Tensions in Metro Vancouver over the situation in Hong Kong continued Saturday, with Mounties keeping pro- and anti-Hong Kong demonstrators separated at a SkyTrain station in Richmond.
Witnesses say the RCMP kept the pro-China and pro-Hong Kong groups physically separated as they faced off at the Aberdeen Canada Line station, where supporters of Hong Kong had rebuilt a so-called "Lennon Wall" featuring messages of solidarity with pro-democracy protesters.
Mabel Tung, chair of the Vancouver Society in Support of Democratic Movement, said the rally had two purposes.
The first was to show support for the first Lennon Wall at the station, which was put up by high school students last week.
"People destroyed the Lennon Wall to violate their freedom of speech and freedom of expression," Tung said. "That's why we are here, to rebuild the Lennon Wall, to make sure the freedom of expression can continue because this is Canada. Everybody is protected by the Charter of Rights. We have freedom of speech and freedom of assembly and freedom of expression."
The rally's other purpose, Tung said, was to support and show solidarity with ongoing protests in Hong Kong. Many participants on the Hong Kong side of Saturday's demonstration wore masks -- a reference to the recently imposed ban on face-coverings at rallies in Hong Kong.
Rallies in the semi-autonomous Chinese city have been happening for months as residents voice their opposition to a proposed change to extradition laws that would allow Hong Kong residents to be sent to the Chinese mainland for trial.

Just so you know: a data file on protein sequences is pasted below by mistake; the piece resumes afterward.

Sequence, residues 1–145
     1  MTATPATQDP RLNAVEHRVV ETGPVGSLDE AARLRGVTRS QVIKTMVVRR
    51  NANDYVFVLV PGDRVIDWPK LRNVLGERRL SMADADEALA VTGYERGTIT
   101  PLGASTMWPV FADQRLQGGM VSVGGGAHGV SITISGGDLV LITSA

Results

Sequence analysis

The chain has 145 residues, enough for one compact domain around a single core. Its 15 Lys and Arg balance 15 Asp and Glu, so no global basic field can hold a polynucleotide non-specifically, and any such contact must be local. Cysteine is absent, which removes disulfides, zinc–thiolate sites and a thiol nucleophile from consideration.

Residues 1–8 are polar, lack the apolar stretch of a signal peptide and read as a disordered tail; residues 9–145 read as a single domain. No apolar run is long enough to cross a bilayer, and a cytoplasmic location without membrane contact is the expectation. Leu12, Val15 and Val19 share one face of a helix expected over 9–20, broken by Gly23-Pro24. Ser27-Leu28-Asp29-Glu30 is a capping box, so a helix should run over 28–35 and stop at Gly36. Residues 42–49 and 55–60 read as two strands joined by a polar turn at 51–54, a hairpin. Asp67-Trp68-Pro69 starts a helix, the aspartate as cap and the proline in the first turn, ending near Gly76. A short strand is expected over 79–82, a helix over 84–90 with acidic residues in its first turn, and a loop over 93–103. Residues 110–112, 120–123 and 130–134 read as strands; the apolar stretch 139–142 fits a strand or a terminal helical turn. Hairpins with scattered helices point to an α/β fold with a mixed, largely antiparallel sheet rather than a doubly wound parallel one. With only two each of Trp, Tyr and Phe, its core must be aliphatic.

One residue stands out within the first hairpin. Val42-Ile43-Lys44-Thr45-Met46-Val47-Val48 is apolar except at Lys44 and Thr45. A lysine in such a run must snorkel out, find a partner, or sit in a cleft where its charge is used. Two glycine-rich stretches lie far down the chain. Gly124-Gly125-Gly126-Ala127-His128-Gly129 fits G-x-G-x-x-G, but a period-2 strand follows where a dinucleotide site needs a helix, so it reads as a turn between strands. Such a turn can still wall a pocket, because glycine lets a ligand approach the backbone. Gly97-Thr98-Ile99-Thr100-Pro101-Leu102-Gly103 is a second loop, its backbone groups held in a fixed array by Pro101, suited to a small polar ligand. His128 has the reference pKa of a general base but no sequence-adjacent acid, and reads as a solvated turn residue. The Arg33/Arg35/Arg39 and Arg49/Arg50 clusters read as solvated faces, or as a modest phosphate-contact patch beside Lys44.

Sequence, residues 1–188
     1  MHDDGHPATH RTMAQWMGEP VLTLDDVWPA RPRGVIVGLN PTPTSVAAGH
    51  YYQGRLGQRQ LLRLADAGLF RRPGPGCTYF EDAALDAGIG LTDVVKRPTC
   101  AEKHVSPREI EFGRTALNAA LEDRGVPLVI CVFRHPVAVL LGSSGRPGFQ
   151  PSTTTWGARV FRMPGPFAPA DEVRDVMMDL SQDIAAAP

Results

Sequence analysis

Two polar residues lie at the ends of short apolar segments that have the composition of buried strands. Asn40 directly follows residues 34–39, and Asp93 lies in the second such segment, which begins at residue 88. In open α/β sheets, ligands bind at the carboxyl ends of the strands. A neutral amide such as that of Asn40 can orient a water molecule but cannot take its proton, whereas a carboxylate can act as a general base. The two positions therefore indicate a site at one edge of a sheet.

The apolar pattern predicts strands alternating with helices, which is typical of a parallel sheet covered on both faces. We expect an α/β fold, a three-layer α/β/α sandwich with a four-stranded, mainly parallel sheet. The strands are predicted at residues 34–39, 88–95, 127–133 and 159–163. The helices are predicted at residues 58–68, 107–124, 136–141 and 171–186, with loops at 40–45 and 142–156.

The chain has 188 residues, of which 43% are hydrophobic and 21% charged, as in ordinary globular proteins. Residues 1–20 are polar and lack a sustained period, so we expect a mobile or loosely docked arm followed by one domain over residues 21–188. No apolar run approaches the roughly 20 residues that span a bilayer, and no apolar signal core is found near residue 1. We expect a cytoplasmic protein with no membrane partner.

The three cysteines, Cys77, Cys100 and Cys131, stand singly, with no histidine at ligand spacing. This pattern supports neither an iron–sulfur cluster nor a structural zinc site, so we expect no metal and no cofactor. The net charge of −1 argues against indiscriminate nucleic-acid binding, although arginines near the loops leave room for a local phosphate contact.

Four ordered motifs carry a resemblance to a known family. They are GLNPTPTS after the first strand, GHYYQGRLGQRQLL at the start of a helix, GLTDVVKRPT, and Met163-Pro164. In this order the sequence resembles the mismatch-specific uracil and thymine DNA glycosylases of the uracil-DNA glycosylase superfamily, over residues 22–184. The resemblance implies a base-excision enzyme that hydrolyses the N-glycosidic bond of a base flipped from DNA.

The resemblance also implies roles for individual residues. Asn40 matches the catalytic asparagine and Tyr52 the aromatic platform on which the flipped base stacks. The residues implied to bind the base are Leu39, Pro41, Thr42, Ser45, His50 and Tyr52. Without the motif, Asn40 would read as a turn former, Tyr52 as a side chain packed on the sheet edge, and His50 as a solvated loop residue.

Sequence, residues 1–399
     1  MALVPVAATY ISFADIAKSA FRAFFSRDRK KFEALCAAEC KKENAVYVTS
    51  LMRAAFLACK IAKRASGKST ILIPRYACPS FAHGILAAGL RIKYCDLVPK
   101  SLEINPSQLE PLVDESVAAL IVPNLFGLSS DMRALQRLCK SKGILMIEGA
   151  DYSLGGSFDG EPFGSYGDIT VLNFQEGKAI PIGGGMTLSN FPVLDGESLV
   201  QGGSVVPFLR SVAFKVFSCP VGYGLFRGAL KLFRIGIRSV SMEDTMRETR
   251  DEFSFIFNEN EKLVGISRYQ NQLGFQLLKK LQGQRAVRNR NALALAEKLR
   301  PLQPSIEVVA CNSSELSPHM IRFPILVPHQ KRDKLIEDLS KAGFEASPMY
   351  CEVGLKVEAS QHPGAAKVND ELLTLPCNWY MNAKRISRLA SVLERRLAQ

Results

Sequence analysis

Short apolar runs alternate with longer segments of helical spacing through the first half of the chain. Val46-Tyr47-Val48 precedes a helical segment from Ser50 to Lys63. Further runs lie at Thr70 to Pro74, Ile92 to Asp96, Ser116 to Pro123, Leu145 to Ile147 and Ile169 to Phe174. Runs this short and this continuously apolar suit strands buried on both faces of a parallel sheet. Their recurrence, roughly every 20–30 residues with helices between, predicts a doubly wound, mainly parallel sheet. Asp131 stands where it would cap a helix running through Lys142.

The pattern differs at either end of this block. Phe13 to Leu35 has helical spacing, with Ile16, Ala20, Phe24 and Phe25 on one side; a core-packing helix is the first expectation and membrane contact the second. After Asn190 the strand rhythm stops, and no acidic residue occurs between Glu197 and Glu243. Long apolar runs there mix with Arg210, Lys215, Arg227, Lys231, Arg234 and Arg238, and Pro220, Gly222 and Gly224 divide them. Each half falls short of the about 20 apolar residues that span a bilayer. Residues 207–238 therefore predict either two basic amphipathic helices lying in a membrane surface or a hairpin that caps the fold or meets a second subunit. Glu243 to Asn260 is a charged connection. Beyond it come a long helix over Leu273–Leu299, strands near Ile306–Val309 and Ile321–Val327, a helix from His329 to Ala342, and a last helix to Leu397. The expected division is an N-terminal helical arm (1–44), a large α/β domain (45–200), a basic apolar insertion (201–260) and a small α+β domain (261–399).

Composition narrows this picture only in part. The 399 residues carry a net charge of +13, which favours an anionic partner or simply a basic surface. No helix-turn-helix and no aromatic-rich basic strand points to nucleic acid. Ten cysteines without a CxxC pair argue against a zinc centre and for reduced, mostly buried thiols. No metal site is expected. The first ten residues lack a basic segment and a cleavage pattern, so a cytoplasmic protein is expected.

The demonstrations have extended around the world as well. Rallies across Canada have seen supporters of Hong Kong met by supporters of the Chinese government in Beijing, with shouting-matches often erupting between the two sides.
On Saturday, Hong Kong supporters in Richmond sang the Canadian national anthem, while pro-Beijing counter-protesters sang the Chinese anthem.
Tensions in Metro Vancouver were expected to continue Sunday, with the pro-Hong-Kong group VHKPoActs calling for a flash mob at Waterfront SkyTrain Station at 2 p.m. Attendees were asked to dress in black and wear face masks in solidarity.
CTV's Melanie Nagy attended the flash mob and reported that roughly 80 people had shown up.
A flash mob at #Vancouver Waterfront Station. About 80 people showed up to show support for Pro-Democracy Protestors in #HongKong . This comes after there were more violent clashes in the city today. #ctvnews #ctvnational pic.twitter.com/LaR0AobtXP— Melanie Nagy (@MelanieNagyCTV) October 6, 2019